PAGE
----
By now you’ve all read that scintillating piece of journalism from Tyler Dunne in the Bleacher Report about the dysfunction between Green Bay Packers’ quarterback Aaron Rodgers, and their former head coach Mike McCarthy.
If not, go read it right now.
Here’s the Cliff-Notes version in case you didn’t take my advice to read that article. Rodgers is a sensitive baby and a bit of an asshole, and McCarthy is a doofus that gets massages during team meetings.
Who knows where the truth lies when a tell-all piece like this comes out, because not every person in a locker room will like everyone. SB Nation’s Stephen White, a former NFL player, wrote about this very thing in 2014. What you, as the reader, chooses to believe is up to you, but speaking from a Chicago Bears’ fan perspective, I tend to believe most of, if not all of it.
And yes, I’m sure the enjoyment I took from the read is guiding my judgement.
Meanwhile Packer fans and Packer media-fanboys, who already have their guard up after watching their team stumble through consecutive losing seasons for the first time in 27 years, have been in full spin mode since the story broke.
The rift between Rodgers and McCarthy started before Rodgers was even drafted by the Packers and when McCarthy was still the offensive coordinator of the 49ers. McCarthy thought Alex Smith was the best QB of the 2005 draft class and his ‘Niners took Smith number one overall, while Rodgers slipped all the way to the Pack with the 24th pick.
That’s a Hell of a grudge.
“Aaron’s always had a chip on his shoulder with Mike,” says Ryan Grant, the Packers’ starting running back from 2007 to 2012. “The guy who ended up becoming your coach passed on you when he had a chance.Aaron was upset that Mike passed on him—that Mike actually verbally said that Alex Smith was a better quarterback.”
Another longtime teammate agrees: “That was a large cancer in the locker room. It wasn’t a secret.”
A grudge that was cancerous in the locker room and a cancer that Rodgers had no intention of ever healing.
McCarthy was fired last year and is currently not coaching, while Rodgers, at 35-years old, will try to get the Packers back on track under new head coach Matt LaFleur who is just four years older than his disgruntled quarterback.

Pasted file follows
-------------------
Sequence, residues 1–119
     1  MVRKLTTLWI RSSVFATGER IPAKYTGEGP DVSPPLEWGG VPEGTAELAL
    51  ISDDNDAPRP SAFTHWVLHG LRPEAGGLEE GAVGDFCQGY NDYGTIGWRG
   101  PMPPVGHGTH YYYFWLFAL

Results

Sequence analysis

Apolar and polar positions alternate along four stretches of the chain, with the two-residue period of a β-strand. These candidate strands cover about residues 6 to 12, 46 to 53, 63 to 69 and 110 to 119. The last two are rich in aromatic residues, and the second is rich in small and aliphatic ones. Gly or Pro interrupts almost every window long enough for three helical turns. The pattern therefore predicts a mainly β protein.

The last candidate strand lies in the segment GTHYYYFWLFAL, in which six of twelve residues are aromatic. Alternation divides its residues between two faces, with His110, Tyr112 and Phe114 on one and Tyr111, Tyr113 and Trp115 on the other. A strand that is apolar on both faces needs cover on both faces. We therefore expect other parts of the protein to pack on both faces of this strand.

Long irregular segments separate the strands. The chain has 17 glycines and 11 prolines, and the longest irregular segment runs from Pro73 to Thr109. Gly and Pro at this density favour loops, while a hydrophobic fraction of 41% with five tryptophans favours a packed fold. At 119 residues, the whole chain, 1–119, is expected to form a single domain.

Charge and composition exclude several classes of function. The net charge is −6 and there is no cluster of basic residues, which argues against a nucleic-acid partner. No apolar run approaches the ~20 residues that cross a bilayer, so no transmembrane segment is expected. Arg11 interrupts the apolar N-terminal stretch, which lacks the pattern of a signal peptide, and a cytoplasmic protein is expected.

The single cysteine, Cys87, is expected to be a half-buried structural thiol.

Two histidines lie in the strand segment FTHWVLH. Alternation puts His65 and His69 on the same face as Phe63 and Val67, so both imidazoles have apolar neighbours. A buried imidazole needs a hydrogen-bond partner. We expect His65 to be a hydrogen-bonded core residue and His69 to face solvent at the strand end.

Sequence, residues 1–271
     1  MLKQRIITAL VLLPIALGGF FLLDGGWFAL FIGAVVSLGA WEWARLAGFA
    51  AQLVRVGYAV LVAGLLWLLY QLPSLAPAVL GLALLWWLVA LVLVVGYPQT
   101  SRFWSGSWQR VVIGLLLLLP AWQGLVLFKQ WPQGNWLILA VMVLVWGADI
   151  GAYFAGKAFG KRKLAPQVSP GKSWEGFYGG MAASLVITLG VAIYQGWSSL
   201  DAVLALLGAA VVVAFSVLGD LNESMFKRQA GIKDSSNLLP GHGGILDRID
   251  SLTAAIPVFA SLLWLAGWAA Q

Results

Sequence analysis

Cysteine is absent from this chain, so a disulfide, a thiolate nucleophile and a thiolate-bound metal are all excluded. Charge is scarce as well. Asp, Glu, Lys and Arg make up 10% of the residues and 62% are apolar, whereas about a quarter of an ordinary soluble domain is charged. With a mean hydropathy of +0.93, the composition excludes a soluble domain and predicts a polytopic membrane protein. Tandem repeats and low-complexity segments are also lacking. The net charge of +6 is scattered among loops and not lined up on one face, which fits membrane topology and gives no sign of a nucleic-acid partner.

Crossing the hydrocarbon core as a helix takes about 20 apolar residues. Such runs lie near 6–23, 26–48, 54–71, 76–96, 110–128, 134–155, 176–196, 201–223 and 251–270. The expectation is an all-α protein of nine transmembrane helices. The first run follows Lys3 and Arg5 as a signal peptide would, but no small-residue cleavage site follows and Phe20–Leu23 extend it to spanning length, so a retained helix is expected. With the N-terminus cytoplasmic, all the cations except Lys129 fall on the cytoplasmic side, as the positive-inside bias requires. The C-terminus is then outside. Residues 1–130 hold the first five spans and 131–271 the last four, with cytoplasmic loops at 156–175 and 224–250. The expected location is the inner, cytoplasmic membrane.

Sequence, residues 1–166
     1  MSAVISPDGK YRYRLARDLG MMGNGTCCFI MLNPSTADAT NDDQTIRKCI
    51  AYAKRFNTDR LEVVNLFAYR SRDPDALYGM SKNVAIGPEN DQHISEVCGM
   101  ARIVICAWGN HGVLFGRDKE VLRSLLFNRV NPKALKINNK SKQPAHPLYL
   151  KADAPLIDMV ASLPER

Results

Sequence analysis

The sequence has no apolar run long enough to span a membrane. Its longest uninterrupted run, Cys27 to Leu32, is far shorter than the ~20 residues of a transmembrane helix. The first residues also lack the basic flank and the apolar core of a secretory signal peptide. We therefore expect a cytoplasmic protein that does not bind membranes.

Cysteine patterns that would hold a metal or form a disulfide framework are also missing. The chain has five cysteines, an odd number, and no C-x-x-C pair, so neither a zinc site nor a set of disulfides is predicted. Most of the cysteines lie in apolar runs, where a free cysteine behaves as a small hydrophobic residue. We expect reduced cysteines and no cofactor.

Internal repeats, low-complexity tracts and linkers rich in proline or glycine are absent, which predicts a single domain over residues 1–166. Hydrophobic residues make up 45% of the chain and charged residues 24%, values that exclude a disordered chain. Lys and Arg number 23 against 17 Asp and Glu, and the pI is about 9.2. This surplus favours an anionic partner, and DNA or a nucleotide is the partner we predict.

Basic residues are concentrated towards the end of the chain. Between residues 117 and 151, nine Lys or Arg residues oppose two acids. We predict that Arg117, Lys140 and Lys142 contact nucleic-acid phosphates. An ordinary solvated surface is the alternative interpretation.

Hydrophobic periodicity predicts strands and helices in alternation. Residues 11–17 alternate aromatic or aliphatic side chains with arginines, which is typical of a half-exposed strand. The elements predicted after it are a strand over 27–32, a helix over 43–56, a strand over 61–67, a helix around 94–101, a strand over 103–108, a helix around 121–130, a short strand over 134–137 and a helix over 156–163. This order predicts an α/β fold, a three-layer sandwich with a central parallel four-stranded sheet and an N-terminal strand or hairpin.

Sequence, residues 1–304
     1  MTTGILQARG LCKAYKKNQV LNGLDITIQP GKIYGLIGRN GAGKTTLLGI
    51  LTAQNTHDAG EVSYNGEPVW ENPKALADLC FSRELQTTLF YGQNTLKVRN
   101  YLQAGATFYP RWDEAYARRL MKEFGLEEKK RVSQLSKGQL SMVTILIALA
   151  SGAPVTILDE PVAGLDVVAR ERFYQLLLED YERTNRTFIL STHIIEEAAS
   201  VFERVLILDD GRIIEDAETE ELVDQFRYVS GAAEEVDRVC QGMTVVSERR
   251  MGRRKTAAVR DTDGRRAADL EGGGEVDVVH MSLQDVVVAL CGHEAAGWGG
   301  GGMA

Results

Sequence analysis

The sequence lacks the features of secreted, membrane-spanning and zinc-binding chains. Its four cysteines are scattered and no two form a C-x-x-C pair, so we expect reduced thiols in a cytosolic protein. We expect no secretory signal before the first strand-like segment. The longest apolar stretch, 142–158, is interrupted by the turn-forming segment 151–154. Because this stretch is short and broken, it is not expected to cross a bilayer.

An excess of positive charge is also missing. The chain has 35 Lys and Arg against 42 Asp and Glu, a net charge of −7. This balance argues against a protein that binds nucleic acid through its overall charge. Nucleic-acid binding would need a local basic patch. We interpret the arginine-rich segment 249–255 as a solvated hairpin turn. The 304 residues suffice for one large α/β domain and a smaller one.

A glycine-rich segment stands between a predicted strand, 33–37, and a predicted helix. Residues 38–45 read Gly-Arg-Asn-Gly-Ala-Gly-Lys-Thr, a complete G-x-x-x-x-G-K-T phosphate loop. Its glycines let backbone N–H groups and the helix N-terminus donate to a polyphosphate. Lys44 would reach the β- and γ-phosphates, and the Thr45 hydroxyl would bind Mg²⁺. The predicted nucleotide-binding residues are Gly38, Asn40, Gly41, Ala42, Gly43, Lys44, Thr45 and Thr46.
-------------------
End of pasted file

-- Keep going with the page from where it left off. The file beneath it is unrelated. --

And don’t think that just because McCarthy is out, that Rodgers will all of the sudden be a locker room saint. Rodgers wasn’t consulted before LeFleur was hired, in fact, it was mandated that he needed to simply accept the hire.
Right before the Packers announced LaFleur as their new head coach, the source close to the team says Murphy called Rodgers to tell him who they were going with. He didn’t ask for permission—he told him who the choice was. There was a brief pause on the other end of the phone before Rodgers eventually spoke. Murphy made it clear that Rodgers would need to accept coaching. “Don’t be the problem,” he told him. “Don’t be the problem.”
In the article Rodgers is described as “self-entitled,” a “bad leader,” “arrogant,” “not as smart as he thinks he is,” “passive-aggressive to the extreme,” and “real sensitive.”
The source close to the team says the president is “tired of the diva stuff.”
He has iced out younger teammates if they don’t do what he says or if they make mistakes. He selfishly was more concerned about his own stats and audibled out of running plays all the time. He undermined his former head coach and he’s never held accountable.
Will a 39-year old, first-time head coach have the stroke to hold a future Hall of Famer accountable?
We’ll have to wait and see.
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I’ve seen a few other articles pop up about the drama in Green Bay and they’ve all been fun to read, so be sure to not only read the one spotlighted above, but search out all the others too.